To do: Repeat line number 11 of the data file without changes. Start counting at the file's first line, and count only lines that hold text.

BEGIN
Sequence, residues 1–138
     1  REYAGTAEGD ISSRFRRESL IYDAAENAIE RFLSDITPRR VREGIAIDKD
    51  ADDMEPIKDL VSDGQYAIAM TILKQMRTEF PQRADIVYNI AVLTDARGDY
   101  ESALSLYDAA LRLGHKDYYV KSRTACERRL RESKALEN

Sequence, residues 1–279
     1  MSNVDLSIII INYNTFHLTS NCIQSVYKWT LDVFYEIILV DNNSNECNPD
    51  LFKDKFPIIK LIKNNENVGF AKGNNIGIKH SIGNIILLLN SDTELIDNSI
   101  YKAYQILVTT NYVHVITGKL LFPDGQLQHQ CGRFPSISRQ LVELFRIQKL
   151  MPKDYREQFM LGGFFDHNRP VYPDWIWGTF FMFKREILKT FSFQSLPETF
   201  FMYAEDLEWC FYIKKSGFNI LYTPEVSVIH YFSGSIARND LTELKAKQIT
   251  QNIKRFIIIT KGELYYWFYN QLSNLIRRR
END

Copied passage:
   251  QNIKRFIIIT KGELYYWFYN QLSNLIRRR